Intermodulation distortion (CCIF) followed the same pattern as the harmonic distortion measurements, in that they’re all more like the distortion I expect to see from a valve amplifier than what I expect from a solid-state amplifier. The two test signals at 19kHz and 20kHz (Graph 5) result in a regenerated signal down at 1kHz that’s only 58dB down, plus the high sidebands also result in additional signals at 2kHz, 3kHz and 4kHz.
The noise of the FL Three S was low, with Newport Test Labs measuring 81dB unweighted referenced to one watt, a figure that increased to 88dB with A-weighting. Referenced to rated output, the overall figures measured were 99dB (unweighted) and 107dB (A-weighted). For an integrated amplifier to so significantly break through the 100dB barrier (clearing it by 7dB, in fact) is quite an achievement. (It also exceeded its manufacturer’s claim of 95dB by a long shot!) You can also see the distribution of the noise across the audio band from Graph 1, with the noise mostly more than 120dB down: it’s only the low-frequency, mostly mains-related noise that is above that level.
For an integrated amplifier to so significantly break through the 100dB barrier (clearing it by 7dB, in fact) is quite an achievement.
The frequency response of the Audia Flight FL Three S was very extended, extending from less than 1Hz to 510kHz (–3dB) and from less than 1Hz to 251kHz (–1dB). This makes this amplifier an extremely wide-bandwidth design. As you’d expect from this, the frequency response within the audio band into a standard 8 non-inductive laboratory test load is absolutely ruler-flat, as you can see from the black trace on Graph 6. The trace doesn’t start rolling off at low frequencies until 4Hz, and is only 0.1dB down at 5Hz, which is the graphing limit. The FL Three S’s frequency response into a load that simulates a typical two-way loudspeaker (red trace) was almost equally good, with Newport Test Labs measuring an overall response for this load as extending from 5Hz to 40kHz (±0.2dB).
As you’d expect given the enormous bandwidth and the amplifier’s linearity, the square wave responses recorded by Newport Test Labs were outstandingly good, with the 100Hz and 1kHz square waves in particular looking like they’d come straight from the signal generator, rather than via the Audia Flight FL Three S. The 10kHz square wave shows just the slightest hint of rounding on the leading edge, but is otherwise perfect. The response into a highly reactive load (1kHz cap) was also exceptionally good, with basically just a single overshoot to barely 1/8th wave height that was damped within one cycle. It appears this was a design intention that resulted from the company’s decision to use current feedback rather than voltage feedback, with the result that, in the company’s words: ‘ the feedback is closed before the output stage … the resulting outcome consists of fast, stable circuits with the utmost ability to control even the wildest reactive loads.’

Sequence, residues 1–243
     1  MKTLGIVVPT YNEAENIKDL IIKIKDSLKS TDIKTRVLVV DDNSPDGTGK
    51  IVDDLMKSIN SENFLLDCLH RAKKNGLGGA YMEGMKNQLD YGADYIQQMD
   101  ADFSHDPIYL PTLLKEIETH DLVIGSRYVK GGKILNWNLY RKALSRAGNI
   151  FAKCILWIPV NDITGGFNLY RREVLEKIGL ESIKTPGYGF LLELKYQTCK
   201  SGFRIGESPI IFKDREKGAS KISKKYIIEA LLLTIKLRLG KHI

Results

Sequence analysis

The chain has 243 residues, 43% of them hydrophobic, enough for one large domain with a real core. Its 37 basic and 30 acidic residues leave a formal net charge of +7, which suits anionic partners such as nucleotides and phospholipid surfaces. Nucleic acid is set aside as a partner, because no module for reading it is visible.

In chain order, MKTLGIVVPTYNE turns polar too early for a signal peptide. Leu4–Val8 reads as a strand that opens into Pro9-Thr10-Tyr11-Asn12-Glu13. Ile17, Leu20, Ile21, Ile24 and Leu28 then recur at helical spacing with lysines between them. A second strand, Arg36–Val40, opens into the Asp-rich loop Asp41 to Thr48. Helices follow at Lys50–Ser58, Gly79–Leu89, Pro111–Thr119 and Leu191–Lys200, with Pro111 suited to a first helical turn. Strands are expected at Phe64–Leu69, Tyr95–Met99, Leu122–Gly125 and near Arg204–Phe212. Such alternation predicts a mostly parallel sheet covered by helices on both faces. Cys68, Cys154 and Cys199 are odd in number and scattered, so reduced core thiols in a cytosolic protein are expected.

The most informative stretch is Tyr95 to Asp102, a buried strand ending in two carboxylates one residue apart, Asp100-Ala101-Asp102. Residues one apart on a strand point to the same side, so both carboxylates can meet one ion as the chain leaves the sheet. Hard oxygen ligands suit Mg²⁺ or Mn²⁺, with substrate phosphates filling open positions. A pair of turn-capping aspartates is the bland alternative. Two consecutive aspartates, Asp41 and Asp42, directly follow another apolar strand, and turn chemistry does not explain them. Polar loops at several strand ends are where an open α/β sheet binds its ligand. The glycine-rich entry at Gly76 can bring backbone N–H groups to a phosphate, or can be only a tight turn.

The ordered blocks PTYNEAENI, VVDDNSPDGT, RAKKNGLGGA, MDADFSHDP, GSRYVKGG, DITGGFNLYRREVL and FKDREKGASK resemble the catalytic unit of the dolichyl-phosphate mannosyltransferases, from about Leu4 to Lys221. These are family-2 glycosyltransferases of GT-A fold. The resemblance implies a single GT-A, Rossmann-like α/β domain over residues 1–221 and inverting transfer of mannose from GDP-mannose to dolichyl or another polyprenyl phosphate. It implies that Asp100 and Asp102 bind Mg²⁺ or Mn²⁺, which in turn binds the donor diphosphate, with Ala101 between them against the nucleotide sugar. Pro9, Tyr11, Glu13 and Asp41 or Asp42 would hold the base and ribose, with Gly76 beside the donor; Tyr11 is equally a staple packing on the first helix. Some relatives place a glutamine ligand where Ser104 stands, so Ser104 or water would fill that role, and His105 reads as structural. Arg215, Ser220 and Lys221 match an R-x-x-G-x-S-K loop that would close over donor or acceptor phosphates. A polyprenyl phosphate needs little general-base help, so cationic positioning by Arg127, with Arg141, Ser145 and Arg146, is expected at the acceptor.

Output impedance was relatively high, at 0.3 , which as a direct consequence means damping factor was relatively low, at 26 (@1kHz), again meaning the Audia Flight FL Three S will be more valve-like in its relationship with the loudspeakers it’s driving.
The Audia Flight FL Three S’s test results show all the hallmarks of an amplifier that’s been designed to sound good, rather than measure well, yet it still performed very well on Newport Test Labs’ test bench, though the results returned alternated between those that would be typical of a good valve amplifier (i.e. THD, IMD, DF) and those that would be typical of a state-of-the-art solid-state design (i.e. frequency response, bandwidth, signal-to-noise ratios, square wave performance). Steve Holding